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Pelican Technical Article:

Replacing Front Control Arm Bushings

Steve Vernon

Time:

6 hours6 hrs

Tab:

$10 to $125

Talent:

****

Tools:

13mm, 16mm, 18mm socket, 18mm wrench, hydraulic press

Applicable Models:

VW Golf GTI (1999-00)
VW Golf GTI 1.8T (2002-05)
VW Golf GTI 20th Anniversary (2003)
VW Golf GTI 337 (2002)
VW Golf GTI GLS (2001)
VW Golf GTI GLX (2000-01)
VW Golf GTI VR6 (2002-05)

Parts Required:

New control arm bushings

Hot Tip:

Freeze the new bushings

Performance Gain:

Better handling

Complementary Modification:

Install performance struts and springs

If you are starting to hear a knock sound when you go around a corner there is a good chance your control arm bushings are starting to go bad. These bushing get a lot of wear and tear and are in a very warm area by the engine. They do wear out and should be checked every 30,000 miles. You will need to remove the control arm from the vehicle to replace the bushings. You will also need a hydraulic press to press out and press in the new bushings. Hydraulic presses are not expensive and if you plan on doing any serious DIY work on your car they can be a great addition to your garage. If you do not own a press you can still save yourself some money by removing the control arm from the car and taking it to a machine shop to have them press the new bushings in for you or just replacing the whole arm and skipping the need for a press.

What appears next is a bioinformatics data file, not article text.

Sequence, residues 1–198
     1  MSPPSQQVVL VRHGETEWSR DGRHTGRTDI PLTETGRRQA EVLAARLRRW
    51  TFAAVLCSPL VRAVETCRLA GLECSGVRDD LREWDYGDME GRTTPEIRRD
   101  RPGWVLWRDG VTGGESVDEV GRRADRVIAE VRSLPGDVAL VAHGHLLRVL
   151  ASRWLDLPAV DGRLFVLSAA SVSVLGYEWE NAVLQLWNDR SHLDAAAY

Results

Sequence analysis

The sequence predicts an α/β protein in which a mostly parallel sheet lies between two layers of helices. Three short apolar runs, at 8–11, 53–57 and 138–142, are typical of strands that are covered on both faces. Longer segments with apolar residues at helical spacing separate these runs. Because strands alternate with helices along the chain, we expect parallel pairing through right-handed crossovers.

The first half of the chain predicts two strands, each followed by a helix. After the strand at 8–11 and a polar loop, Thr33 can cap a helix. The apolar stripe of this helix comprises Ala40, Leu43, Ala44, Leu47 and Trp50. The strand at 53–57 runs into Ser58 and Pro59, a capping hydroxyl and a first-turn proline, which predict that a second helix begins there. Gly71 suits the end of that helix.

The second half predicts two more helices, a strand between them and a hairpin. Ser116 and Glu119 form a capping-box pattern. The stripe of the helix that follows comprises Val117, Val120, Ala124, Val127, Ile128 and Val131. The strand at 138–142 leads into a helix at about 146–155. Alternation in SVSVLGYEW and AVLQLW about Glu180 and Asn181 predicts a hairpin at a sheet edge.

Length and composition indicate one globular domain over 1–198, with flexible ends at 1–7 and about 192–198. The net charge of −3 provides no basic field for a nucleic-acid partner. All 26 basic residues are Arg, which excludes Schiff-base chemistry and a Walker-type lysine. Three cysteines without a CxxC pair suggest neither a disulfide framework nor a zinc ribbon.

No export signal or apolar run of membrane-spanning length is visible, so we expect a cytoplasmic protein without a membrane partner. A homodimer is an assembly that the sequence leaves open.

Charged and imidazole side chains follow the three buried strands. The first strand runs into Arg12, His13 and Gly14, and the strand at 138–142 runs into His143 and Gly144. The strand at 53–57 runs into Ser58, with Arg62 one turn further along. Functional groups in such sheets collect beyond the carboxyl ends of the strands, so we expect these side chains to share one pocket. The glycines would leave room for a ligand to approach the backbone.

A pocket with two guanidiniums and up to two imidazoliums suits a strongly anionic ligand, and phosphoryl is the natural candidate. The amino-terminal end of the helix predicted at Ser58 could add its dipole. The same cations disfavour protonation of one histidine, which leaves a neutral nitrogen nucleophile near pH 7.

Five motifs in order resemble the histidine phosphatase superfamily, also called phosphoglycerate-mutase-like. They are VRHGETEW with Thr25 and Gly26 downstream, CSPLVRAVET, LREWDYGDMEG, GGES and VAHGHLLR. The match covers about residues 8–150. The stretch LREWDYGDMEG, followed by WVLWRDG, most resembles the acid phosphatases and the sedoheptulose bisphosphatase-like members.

You will need to jack up the car and remove the front wheels to perform this job, please see our article on safely jacking up and supporting your vehicle.

Before you begin removing the old bushings place the new ones in the freezer. Freezing them over night will help in the installation process.

This photo illustrates the front control arm from under the car (red arrow).
Figure 1

This photo illustrates the front control arm from under the car (red arrow). The control arm is attached to the car by a 16mm bolt on the drop link (purple arrow), three 13mm bolts at the ball joint (blue arrow) an 18mm bolt at the front of the sub assembly (yellow arrow) and an 18mm nut and bolt at the rear (green arrow).

Begin by removing the 16mm bolt connecting the control arm to the sway bar drop link (red arrow).
Figure 2

Begin by removing the 16mm bolt connecting the control arm to the sway bar drop link (red arrow).

Next mark with a scribe the area around the ball joint (yellow arrow) if you mark this you should be able to get the alignment close enough during reassembly that you do not damage the tires when driving the car to the alignment shop.
Figure 3

Next mark with a scribe the area around the ball joint (yellow arrow) if you mark this you should be able to get the alignment close enough during reassembly that you do not damage the tires when driving the car to the alignment shop. It you are replacing the arm or bushings it is always a good idea to have the car realigned after completing the work. Remove the three 13mm nuts, bolts and backing plate holding the ball joint to the control arm (red arrows).